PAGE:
- A mental health facility in Texas recently reported a potential PHI data breach that may affect over 11,000 patients.
El Paso-based Emergence Health Network (EHN) first announced on October 8, 2015 that one of its computer servers was assessed by an unauthorized user, potentially as far back as 2012. However, EHN stated that it first became aware of the inappropriate access on August 18, 2015. Information that is kept on the server in question includes first and last names, addresses, dates of birth, Social Security numbers, case numbers, and information indicating that individuals accessed services from Life Management Center/ El Paso MHMR/Emergence Health Network.
According to the data breach report sent to the Department of Health and Human Services (HHS) Office of Civil Rights (OCR), 11,100 individuals were potentially affected by the PHI data breach.
“EHN quickly disconnected the computer server from the internet when the suspicious activity was discovered,” the statement read. “EHN is taking steps to keep this from happening again by using more secure methods for transmitting, maintaining, and safeguarding your protected health information. EHN is cooperating with state and federal agencies to report this breach.”
In a follow-up statement dated October 16, 2015, EHN added that a third-party audit found that “it is not apparent that any medical information was disclosed,” and there is no proof that the patient information was misused.
“EHN has also already taken appropriate steps to avoid the threat of future data security compromises and is cooperating with officials in minimizing the potential effects of this incident,” explained the second statement.
Even though EHN did not believe information was inappropriately accessed, it still cautioned in its data breach notification letter sent to patients that they should carefully monitor their credit reports, account statements, benefits notices, and medical records.
“We are sorry for any inconvenience this incident may have caused you,” the facility said. “EHN is doing everything we can to fix this and not have it happen again.”
It is essential that healthcare organizations that handle mental health records are also taking care to keep that information secure. Moreover, with potential legislation set to affect how HIPAA regulations account for mental health records, covered entities need to remain current on all requirements.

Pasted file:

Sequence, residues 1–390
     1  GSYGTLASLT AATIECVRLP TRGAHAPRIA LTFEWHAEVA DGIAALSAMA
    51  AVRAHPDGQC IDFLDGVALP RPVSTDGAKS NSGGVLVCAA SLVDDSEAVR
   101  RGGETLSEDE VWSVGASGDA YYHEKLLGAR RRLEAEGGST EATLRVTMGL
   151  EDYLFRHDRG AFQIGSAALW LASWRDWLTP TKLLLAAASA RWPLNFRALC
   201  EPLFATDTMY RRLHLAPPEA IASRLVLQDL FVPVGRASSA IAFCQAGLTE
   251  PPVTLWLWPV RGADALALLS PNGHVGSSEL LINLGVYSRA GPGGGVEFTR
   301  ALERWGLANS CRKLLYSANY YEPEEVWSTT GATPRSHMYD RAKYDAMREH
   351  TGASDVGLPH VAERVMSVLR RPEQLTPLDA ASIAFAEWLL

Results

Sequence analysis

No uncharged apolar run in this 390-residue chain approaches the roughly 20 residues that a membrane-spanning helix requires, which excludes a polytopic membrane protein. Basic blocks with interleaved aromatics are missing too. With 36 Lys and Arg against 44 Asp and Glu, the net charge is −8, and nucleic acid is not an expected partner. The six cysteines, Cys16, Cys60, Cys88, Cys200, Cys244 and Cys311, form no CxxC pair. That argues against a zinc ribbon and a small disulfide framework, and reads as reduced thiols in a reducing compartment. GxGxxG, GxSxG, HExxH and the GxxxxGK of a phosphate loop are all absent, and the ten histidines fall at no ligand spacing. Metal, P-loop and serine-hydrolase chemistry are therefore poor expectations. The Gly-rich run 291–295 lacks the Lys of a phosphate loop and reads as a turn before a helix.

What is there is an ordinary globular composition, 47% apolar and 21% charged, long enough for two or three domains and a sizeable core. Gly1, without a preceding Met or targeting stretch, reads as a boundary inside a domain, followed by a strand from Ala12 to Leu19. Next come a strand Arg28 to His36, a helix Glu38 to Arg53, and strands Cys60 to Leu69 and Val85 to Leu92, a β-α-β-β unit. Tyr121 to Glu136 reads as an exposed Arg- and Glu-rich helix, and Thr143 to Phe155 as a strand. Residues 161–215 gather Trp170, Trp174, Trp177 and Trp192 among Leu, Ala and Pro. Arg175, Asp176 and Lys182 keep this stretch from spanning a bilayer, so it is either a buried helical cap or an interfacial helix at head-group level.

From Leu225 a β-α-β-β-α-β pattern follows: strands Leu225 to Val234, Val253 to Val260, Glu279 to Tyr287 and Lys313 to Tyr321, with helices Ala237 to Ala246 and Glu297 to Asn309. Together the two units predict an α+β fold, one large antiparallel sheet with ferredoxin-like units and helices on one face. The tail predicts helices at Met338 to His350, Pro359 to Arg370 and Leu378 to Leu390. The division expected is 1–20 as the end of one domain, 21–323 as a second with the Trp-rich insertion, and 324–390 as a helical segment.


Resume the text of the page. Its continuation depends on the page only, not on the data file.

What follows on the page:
For example, The Helping Families in Mental Health Crisis Act was reintroduced by House Energy & Commerce Oversight and Investigations Subcommittee Chairman Tim Murphy (R-PA) and Rep. Eddie Bernice Johnson (D-TX) over the summer. The bill seeks to eliminate certain federal barriers to care and also clarify privacy standards for families and caregivers.
The bill also states that PHI disclosure shall only be provided if all of certain criteria is met for the disclosure by a physician, including but not limited to the following:
- Such disclosure is for information limited to the diagnoses, treatment plans, appointment scheduling, medications, and medication-related instructions, but not including any personal psychotherapy notes
- Such disclosure is necessary to protect the health, safety, or welfare of the individual or general public.
- The information to be disclosed will be beneficial to the treatment of the individual if that individual has a co-occurring acute or chronic medical illness.
However, there are still those who are opposed to the bill, citing patient privacy concerns. Orlando mental health counselor Burt Bertram told the Washington Post earlier this year that mental health records could also include information on family members and former spouses.
“If a broad base of health professionals had access to mental-health records that include psychotherapy notes, I am concerned about the potential for privacy violations . . . not only for the patient, but also for the others who are involved in the patient’s life,” Bertram said.